This is one of those cases where I start looking into a question, and end up finding out how little I know. So forgive me if I don't have a definitive answer but merely helpful hints. It also explains the rambling nature of my post.
Do you run your own DHCP server or does your router provide the service. There are about 3 different servers and clients that you might be using and they have different configuration files, so you might want to try more information.
Here are two DHCP howtos from the www.tldp.org
How are LAN hostnames resolved for you generally. Are you using NIS, DNS?
A dhcp client can be configured to modify NIS or DNS or smb.conf based on what the server says. However, those servers would probably use fixed address and their values wouldn't need to change. Suppose you have a linksys router for a home network. You can enter your own nameserver address and/or WINS server address (samba) in the configuration so that the DHCP server includes them when it sets up the clients on your network.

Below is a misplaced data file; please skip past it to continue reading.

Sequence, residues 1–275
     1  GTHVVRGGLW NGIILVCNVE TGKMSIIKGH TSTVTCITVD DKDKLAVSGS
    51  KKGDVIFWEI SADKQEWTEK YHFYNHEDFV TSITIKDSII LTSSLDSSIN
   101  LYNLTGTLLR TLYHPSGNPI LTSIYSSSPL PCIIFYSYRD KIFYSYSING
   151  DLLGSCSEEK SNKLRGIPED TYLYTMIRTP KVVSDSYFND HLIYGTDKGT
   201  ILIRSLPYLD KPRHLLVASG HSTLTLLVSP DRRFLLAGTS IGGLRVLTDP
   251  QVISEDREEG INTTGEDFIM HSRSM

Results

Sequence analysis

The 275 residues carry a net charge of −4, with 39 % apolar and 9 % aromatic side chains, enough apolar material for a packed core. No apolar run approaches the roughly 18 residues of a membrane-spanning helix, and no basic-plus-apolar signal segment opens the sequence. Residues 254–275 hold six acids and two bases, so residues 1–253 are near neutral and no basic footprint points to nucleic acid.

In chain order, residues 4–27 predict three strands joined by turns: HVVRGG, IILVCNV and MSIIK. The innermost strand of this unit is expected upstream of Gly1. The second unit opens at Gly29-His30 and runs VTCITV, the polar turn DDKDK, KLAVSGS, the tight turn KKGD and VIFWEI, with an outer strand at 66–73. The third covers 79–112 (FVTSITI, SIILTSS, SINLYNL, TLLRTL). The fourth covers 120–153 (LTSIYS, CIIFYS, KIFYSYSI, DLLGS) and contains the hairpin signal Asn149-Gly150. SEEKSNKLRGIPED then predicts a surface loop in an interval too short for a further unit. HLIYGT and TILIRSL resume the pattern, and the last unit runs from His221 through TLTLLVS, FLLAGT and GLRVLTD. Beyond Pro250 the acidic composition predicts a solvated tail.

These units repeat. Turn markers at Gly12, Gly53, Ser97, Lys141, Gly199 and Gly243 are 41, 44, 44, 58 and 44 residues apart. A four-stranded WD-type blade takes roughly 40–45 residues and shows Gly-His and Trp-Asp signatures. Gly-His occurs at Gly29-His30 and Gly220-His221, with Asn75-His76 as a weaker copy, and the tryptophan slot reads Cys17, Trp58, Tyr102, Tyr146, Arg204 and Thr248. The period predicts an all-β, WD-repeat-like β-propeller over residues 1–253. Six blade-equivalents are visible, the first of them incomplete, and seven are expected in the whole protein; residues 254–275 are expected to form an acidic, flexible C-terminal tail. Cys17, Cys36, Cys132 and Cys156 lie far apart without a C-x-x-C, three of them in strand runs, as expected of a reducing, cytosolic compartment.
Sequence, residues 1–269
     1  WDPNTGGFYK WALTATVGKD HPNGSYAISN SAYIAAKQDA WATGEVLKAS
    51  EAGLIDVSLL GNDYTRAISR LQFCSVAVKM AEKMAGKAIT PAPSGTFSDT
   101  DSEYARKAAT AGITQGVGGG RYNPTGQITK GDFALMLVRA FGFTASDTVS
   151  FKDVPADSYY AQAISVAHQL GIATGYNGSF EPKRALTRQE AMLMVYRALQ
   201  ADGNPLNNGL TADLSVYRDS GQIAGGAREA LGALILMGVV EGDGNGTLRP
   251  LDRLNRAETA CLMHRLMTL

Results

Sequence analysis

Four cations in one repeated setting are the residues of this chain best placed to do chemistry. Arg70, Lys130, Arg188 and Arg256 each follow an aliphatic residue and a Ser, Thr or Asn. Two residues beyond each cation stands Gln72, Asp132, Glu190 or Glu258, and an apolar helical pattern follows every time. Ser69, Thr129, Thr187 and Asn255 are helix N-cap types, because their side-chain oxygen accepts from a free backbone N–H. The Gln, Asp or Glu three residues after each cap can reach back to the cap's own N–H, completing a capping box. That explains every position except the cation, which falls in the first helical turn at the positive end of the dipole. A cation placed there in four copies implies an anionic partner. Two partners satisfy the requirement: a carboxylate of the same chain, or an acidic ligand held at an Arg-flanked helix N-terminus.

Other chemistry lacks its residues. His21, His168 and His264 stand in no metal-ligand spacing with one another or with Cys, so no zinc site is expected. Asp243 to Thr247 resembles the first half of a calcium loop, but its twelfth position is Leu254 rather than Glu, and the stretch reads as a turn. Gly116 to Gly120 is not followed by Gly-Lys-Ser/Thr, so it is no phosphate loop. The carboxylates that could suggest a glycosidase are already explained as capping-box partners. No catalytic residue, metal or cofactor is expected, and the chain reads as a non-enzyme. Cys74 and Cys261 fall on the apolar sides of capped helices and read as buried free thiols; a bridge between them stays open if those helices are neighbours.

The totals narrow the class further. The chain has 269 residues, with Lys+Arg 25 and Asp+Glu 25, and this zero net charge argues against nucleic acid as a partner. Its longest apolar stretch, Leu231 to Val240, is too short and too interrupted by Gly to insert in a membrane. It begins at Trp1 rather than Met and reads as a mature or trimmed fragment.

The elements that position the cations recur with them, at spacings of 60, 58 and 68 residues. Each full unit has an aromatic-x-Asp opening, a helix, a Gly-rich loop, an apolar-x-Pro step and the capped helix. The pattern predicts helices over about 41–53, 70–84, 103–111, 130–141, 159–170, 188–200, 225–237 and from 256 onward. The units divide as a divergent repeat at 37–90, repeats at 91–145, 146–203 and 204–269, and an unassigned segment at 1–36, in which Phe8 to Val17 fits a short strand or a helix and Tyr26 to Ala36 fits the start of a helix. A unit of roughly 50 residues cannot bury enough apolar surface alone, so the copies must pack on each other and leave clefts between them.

Look at the contents of /etc/nsswitch.conf. Also look at the library files matching /etc/lib/libnss_*.
grep hosts: /etc/nsswitch.conf
hosts: files dns
jschiwal@hpmedia:/usr/share/doc/packages> locate libnss
I also noticed a separate /etc/nss_mdns.conf file. If you are using samba, and running winbind, you could check if you have a libnss_winbind.so library and if so, add "winbind" before the "dns" entry. Similarily, I think that you can set up on of the samba servers to supply WINS, add it's IP address to the routers WINS entry, and if a libnss_wins.so library exists, add "wins" to the "hosts: ..." entry in /etc/nsswitch.conf file.
I'm not certain if "mdns" would supply hostname information from the router's dhcp server, or if multicast DNS is just used with apple computers and equipment.